Books & Music
Food & Wine
Health & Fitness
Hobbies & Crafts
Home & Garden
News & Politics
Religion & Spirituality
Travel & Culture
TV & Movies
Eclectic or Reconstructionist Wicca
One of the first questions you might encounter as a newcomer to Wicca is, "Are you Eclectic or Reconstructionist?" Eclectics like to embrace many different spiritual concepts into their version of Wicca regardless of origin or historic significance. Reconstructionists want to practice a version of Wicca that is as close as possible to how they imagine the ancient Celts or Anglo-Saxons worshipped. In my experience, most Wiccans are Eclectic. Other spiritual paths such as Druidism or Asatru (Norse paganism) seem to attract more Reconstructionists.
The viewpoint of an Eclectic might be something like this: “I am a twenty-first century witch and my spiritual practice is a blend of concepts that I find personally meaningful and effective.” An Eclectic has no problem with celebrating the sabbats, which draw from the ancient Celtic cycles of the harvest, but also studying the chakras, which come from Hinduism. The concepts may come from vastly different cultures and time periods, but the overriding significance to an Eclectic is that they both work and are useful to a modern spiritual seeker. Why not embrace them both?
A Reconstructionist, however, might disapprove of Wiccans who include such “New Age” concepts as chakras in their Wiccan practice. To a Reconstructionist, the religion of Wicca is meaningful precisely because it connects to a certain culture and time period – that is, ancient Britain. Many Reconstructionists are drawn to Wicca because their ancestry is based in Britain and they find great emotional and spiritual significance in reconnecting with the spiritual path of their ancestors. A concept such as chakras, no matter how intuitively appealing, will not resonate as deeply with Reconstructionists if it was not practiced by their ancestors.
The question of whether someone practices as an Eclectic or a Reconstructionist is probably of more concern to Reconstructionists than to Eclectics. Let no Reconstructionist convince you that his or her way of practicing Wicca is closer to "real" British paganism than a more Eclectic approach. Ancient Britain is shrouded in the distant past before the time of written language, and no one nowadays can know for sure exactly how the ancestors worshipped.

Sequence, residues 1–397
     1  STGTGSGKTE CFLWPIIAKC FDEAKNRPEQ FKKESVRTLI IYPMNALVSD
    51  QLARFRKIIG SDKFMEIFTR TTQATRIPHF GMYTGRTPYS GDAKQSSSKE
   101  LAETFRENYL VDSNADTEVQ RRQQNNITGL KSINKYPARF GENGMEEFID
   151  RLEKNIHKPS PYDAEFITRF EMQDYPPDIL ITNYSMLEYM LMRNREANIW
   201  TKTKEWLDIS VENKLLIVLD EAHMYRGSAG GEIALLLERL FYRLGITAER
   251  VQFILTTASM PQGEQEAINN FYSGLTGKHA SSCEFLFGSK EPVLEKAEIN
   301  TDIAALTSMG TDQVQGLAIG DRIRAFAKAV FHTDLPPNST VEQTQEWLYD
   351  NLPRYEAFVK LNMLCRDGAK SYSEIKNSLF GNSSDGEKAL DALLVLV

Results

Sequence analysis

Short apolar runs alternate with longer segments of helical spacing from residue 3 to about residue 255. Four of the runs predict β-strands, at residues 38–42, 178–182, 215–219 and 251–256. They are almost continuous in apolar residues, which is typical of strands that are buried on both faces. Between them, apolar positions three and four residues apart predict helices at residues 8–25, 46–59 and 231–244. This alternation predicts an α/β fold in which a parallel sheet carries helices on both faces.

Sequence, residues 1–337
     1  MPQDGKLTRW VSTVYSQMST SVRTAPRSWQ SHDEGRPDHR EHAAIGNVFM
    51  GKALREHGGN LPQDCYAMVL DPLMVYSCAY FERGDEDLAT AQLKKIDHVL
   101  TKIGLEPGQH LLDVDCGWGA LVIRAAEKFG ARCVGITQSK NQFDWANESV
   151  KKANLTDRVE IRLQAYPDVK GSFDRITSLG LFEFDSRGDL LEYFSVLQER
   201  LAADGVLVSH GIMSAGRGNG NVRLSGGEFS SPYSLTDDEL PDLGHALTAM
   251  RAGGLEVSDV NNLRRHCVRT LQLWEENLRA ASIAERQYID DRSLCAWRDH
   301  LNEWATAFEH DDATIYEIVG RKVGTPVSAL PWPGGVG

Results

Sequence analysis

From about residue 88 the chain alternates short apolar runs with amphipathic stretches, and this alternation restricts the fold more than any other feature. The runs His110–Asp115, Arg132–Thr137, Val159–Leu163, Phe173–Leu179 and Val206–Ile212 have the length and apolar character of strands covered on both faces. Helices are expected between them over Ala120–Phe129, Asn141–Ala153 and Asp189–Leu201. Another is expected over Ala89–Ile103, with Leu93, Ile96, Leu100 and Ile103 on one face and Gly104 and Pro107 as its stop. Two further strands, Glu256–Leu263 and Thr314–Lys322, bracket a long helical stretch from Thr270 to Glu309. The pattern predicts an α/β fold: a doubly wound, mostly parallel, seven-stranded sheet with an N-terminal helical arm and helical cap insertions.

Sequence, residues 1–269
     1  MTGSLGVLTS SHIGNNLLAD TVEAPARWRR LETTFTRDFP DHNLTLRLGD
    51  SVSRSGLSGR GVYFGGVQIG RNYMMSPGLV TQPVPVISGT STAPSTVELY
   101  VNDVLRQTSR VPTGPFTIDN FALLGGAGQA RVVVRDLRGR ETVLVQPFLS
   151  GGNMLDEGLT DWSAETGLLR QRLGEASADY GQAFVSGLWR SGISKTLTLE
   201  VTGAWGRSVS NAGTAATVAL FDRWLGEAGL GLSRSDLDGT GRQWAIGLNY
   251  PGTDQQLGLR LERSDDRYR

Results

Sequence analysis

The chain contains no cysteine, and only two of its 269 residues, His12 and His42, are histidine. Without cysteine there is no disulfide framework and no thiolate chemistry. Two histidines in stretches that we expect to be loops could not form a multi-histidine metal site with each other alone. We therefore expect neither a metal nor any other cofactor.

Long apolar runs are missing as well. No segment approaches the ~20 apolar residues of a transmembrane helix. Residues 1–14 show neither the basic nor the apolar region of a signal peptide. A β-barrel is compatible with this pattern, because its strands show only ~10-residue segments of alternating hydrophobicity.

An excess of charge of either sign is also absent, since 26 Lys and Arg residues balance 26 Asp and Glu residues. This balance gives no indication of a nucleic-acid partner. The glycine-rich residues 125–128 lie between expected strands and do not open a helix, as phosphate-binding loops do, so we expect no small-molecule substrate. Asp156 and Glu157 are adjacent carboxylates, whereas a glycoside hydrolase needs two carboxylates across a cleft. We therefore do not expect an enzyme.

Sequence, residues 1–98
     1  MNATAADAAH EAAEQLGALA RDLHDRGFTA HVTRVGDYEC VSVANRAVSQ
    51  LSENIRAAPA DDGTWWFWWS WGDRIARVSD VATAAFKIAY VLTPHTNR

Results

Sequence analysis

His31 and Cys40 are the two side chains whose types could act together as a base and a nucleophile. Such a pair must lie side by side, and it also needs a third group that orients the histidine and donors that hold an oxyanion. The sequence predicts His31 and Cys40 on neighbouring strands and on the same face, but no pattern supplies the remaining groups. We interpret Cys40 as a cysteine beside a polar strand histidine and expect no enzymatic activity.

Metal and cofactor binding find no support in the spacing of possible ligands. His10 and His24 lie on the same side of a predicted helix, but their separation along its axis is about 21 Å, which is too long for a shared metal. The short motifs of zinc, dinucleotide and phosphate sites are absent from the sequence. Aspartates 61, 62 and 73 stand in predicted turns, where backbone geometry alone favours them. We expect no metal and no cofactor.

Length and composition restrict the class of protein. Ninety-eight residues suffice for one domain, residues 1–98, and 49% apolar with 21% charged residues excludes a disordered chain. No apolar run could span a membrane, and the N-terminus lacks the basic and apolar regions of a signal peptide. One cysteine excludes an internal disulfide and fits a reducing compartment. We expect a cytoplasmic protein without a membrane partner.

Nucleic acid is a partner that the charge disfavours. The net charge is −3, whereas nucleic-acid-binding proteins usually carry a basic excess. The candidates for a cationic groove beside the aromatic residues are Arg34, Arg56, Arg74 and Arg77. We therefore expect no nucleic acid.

Full disclosure time -- at heart, I consider myself more of a Reconstructionist and that is why my version of Wicca leans toward Asatru. At the same time, I don't feel like Asatru is an exact fit for me as it would be if, say, I were of Icelandic ancestry. My ancestry is British, both Celtic and Anglo Saxon, and it feels personally significant to me. At the same time, I am fascinated by comparative religions study, and I would never want to close myself off to a useful concept such as chakras. But while I might find myself experimenting with concepts that fall outside of my cultural heritage such as chakras, they may not reach me on a deeper emotional level or be part of my core practice. But I can stand in the position of either an Eclectic or a Reconstructionist and understand each viewpoint. Probably most strict Reconstructionists would consider me closer to an Eclectic!
At its worst, the question of Eclectic-or-Reconstructionist can be a divisive point within the pagan community. I mean, who cares? We pagans should have more things in common than things to disagree on. Each Wiccan must follow his or her instincts to become either an Eclectic or a Reconstructionist; in my opinion, each path is equally valid, just different. You might resist being tagged with either label. You might start off as one and end up as the other. You might have phases of practicing one way and moving into the opposite approach and then back again. But it helps to consider the two approaches if only to be informed when you hear about individuals within the pagan community who identify as either Eclectic or Reconstructionist.
Content copyright © 2013 by Ro Longstreet. All rights reserved.
This content was written by Ro Longstreet. If you wish to use this content in any manner, you need written permission. Contact Ro Longstreet for details.
Website copyright © 2013 Minerva WebWorks LLC. All rights reserved.